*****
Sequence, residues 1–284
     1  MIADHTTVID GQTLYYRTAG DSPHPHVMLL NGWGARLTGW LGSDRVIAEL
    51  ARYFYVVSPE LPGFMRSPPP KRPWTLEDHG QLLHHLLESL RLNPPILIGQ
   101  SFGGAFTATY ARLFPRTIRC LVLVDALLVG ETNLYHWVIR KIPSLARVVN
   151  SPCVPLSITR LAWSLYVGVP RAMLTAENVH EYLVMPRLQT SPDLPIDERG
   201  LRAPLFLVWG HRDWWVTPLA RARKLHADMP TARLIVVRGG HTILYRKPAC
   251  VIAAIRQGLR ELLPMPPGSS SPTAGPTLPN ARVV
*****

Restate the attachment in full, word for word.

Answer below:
Sequence, residues 1–284
     1  MIADHTTVID GQTLYYRTAG DSPHPHVMLL NGWGARLTGW LGSDRVIAEL
    51  ARYFYVVSPE LPGFMRSPPP KRPWTLEDHG QLLHHLLESL RLNPPILIGQ
   101  SFGGAFTATY ARLFPRTIRC LVLVDALLVG ETNLYHWVIR KIPSLARVVN
   151  SPCVPLSITR LAWSLYVGVP RAMLTAENVH EYLVMPRLQT SPDLPIDERG
   201  LRAPLFLVWG HRDWWVTPLA RARKLHADMP TARLIVVRGG HTILYRKPAC
   251  VIAAIRQGLR ELLPMPPGSS SPTAGPTLPN ARVV